London, 2 November 2006 - Randgold Resources (LSE:RRS) (Nasdaq:GOLD) posted a profit from mining of US$30.7 million for the September quarter, taking its total for the nine months to date to US$99.4 million - up 90% on the corresponding period in 2005 thanks to the contribution from its new Loulo mine and the higher gold price.
Gold sales revenue for the quarter was US$63.2 million, in line with that of the previous quarter in spite of a lower received gold price. Production at Loulo increased by 11% to 57 123 ounces but was down 8% to 124 698 ounces (49 879 ounces attributable) at the company's Morila joint venture. Total cash costs at both operations were slightly up but on a group basis, are still in line with the overall target for the year.
At Loulo, the difficulties caused by the delay in the commissioning of the hard rock crusher spilled over into this quarter but throughputs increased steadily in August and September, with higher grades and improved recoveries boosting production. At Morila, operational problems resulted in a lower head grade and reduced plant throughput. These are being addressed and the mine is still on track to exceed 500 000 ounces for the year as planned.
In the meantime, excavation and construction of the boxcut for the Yalea underground mine at Loulo are well underway. The design and schedule for the second underground mine - Gara (formerly known as Loulo 0) - are currently being completed. Continued underground drilling has expanded the total Loulo resource base to more than 10 million ounces.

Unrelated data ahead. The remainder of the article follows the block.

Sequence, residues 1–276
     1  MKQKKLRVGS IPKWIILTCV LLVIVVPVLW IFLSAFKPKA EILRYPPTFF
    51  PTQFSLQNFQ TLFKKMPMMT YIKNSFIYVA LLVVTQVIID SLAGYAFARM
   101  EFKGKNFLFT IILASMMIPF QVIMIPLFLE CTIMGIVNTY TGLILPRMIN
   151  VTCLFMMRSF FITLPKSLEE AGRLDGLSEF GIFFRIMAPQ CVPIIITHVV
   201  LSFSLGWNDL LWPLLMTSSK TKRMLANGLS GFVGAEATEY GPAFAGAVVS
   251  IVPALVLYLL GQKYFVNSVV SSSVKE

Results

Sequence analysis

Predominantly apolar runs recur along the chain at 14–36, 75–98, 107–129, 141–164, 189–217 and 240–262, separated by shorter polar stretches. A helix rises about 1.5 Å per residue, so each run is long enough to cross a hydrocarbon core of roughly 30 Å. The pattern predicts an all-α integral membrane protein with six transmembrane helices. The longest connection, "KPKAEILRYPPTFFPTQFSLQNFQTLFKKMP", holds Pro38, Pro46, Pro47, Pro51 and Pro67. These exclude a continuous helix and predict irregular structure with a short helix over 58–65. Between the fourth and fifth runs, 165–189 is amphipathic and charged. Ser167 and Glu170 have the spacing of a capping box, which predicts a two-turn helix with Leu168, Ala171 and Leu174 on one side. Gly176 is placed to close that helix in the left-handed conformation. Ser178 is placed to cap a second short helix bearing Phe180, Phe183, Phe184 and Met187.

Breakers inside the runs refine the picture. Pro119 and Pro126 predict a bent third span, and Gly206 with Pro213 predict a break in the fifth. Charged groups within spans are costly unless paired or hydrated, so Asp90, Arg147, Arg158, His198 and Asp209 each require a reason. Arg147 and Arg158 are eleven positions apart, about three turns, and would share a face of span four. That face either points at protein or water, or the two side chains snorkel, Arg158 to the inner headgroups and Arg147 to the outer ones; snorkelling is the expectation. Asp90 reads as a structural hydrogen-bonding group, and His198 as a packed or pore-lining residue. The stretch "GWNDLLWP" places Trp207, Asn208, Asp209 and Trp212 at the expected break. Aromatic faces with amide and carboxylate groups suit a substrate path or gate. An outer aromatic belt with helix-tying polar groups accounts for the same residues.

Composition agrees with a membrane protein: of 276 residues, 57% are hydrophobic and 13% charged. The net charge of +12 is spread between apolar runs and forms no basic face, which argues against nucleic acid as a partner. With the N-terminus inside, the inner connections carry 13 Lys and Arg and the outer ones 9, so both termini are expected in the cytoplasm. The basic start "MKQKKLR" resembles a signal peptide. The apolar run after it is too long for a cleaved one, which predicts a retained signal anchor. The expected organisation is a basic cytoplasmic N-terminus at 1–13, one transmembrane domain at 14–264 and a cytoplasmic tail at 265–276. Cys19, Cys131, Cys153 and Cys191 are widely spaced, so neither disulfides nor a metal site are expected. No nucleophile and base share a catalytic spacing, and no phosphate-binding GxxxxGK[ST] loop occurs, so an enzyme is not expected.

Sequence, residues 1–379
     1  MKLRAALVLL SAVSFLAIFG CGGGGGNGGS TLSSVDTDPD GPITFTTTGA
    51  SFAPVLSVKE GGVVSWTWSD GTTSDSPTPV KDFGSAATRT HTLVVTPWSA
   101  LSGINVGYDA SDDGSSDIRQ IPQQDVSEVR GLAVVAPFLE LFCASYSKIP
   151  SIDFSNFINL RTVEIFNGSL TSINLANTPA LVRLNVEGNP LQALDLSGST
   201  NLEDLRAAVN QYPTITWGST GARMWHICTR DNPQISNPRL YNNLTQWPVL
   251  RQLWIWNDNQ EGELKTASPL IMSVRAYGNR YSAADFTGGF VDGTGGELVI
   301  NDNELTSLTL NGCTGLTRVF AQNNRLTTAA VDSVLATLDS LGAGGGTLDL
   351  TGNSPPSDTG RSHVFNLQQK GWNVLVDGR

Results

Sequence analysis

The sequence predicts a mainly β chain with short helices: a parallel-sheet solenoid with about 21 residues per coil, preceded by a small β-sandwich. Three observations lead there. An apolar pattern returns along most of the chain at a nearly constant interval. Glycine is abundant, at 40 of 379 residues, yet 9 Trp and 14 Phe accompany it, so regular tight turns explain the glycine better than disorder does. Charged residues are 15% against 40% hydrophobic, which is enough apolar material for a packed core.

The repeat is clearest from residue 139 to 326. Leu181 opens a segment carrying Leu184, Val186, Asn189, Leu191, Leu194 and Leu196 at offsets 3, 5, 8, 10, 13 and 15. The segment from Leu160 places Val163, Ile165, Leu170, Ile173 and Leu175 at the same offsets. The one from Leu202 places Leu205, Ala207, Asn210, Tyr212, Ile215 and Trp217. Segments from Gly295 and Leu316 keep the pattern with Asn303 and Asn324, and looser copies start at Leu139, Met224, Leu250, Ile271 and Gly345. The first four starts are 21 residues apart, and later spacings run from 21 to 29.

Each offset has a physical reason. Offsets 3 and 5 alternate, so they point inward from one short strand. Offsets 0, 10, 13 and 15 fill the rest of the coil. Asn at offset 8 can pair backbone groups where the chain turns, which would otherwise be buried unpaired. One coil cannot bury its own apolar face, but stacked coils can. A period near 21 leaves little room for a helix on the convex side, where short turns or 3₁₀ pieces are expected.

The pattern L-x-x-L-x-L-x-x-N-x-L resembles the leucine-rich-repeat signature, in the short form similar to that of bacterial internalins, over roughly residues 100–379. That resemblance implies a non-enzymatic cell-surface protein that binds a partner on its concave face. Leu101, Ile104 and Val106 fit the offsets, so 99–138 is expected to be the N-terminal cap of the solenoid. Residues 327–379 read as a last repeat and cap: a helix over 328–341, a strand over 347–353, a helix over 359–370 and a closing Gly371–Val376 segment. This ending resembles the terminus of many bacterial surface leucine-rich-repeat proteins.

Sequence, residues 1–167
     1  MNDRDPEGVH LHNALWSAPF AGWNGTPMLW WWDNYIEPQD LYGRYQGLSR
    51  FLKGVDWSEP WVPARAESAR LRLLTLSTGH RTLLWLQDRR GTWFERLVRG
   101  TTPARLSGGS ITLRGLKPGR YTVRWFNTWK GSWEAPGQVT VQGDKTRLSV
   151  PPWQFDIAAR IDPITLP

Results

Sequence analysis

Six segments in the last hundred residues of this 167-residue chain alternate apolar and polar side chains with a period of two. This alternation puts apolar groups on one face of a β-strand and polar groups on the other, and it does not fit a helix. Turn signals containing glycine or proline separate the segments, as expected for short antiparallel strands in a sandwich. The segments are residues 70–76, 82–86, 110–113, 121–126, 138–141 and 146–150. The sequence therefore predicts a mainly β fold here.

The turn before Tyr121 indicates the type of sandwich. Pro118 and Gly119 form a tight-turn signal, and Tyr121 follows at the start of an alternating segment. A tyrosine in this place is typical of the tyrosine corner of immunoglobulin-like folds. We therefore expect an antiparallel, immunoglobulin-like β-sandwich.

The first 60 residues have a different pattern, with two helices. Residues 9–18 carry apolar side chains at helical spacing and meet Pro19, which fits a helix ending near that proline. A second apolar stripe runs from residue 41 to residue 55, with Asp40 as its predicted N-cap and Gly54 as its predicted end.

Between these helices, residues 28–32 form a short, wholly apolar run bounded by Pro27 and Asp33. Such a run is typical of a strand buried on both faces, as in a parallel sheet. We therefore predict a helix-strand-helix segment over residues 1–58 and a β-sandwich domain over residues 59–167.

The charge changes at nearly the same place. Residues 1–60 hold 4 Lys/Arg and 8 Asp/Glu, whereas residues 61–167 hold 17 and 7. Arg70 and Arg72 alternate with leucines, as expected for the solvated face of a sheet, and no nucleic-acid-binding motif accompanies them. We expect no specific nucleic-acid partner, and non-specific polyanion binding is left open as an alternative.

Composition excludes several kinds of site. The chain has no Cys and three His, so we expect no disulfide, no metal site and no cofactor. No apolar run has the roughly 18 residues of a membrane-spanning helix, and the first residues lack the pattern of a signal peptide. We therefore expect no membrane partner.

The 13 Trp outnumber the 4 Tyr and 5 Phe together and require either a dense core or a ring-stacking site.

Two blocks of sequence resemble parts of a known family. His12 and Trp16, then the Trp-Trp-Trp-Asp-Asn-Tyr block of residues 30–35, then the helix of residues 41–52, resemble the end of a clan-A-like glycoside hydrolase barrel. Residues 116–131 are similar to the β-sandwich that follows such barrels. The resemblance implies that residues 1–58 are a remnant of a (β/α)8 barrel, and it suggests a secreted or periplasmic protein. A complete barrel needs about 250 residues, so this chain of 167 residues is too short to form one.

In the Côte d'Ivoire, the company is gearing up for a 30 000 metre diamond core feasibility drilling programme on the back of favourable results from the recently completed tactical drilling exercise there. The feasibility programme is due to start in January 2007, assuming political stability and safe working conditions in the region.
Elsewhere in West Africa, Randgold Resources' exploration teams are heading back into the field after the rainy season. In Mali, exploration continues to be focused on and around Loulo and Morila, while in Senegal, 15 targets have been prioritised for RAB drilling while three advanced targets have been modelled for further diamond drilling. In Ghana, completion of the first phase of exploration across all the company's permits will generate follow-up targets. In Burkina Faso, a first-pass exploration programme has been completed on all nine permits and targets in the Kiaka permit have been tested through RAB and RC drilling.
In East Africa, the status of the Kiabakari project in Tanzania is currently being re-evaluated. Other opportunities are currently being pursued in that country.
Chief executive Mark Bristow said the company's sustained sound performance reflected the benefits of balance and integration in the business and of its strong emphasis on organic growth.
"Loulo has effectively settled some start-up problems that were not of our making and, considering the circumstances, had a very solid quarter. Even more important, it is steadily evolving into a world-class mining complex encompassing open-pit and underground operations. Morila had a bit of a wobble but is still delivering the goods and Tongon is heading into the feasibility phase," he said.
"Our exploration teams are starting the new field season with plenty of prospects on their plate. We will also be looking at opportunities beyond our current six-country portfolio."